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There's lots that you can do to take control of your angina
If you have been told that you have angina then there may be lots of thoughts and questions going through your mind and you may wonder what the future is going to be like.
You can help yourself by making changes to your life in areas that are known to increase the risk of developing or worsening coronary heart disease. Many of these are so-called lifestyle changes and include:
Eating a balanced diet can help to keep your heart healthy
Detailed information on all these topics is found in the Reducing your risk of heart disease section.
You may become very anxious after being diagnosed with angina. Anxiety, or panic, attacks are usually brought on by a tiny thought that goes through your mind, sometimes without you even really recognising it.
Try to pace yourself e.g. heavy jobs (such as gardening and decorating) at home can be dealt with a little at a time, but don't let the thought of them cause anxiety.
Keeping active can help to control your angina
As well as making any necessary lifestyle changes to lower your risk factors and reduce your overall risk of heart disease, keeping active can actually help to control your angina.
The heart is a muscle and it needs to be exercised to keep it strong. When you are sitting still it hardly has to work at all. The less you do the less you become able to do. The more unfit you become the more your angina can affect you and this can make you more anxious about activity bringing angina on.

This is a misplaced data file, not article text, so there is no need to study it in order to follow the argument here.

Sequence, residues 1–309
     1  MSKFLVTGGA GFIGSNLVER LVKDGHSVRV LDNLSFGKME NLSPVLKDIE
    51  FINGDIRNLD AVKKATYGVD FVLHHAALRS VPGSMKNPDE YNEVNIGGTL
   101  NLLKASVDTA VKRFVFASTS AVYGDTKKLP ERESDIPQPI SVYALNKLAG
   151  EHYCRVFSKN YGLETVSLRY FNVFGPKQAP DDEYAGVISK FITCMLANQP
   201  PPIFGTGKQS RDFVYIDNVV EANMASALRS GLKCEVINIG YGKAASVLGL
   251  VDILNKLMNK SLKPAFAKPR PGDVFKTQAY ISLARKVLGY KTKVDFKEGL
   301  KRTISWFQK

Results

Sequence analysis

Remember to speak to your doctor if you are in any doubt about what you can do.
If you are unsure about how much activity you can manage, or have unstable angina, it is advisable to speak to your doctor about what you can do.
Walking is a great way to keep active
It is easy to become unfit if you stop being active. Anything requiring effort will be harder for the heart to cope with, and your angina may come on more quickly.
The downward spiral of inactivity can soon take hold and it a can be a long slow process to gradually build up again to be able to do what you want to be able to do.
Some hospitals run angina rehabilitation programmes of structured activity to help you build up your level of activity.
Other benefits include:
Any form of exertion can bring angina on e.g. climbing stairs, carrying shopping, walking up a slope or hurrying.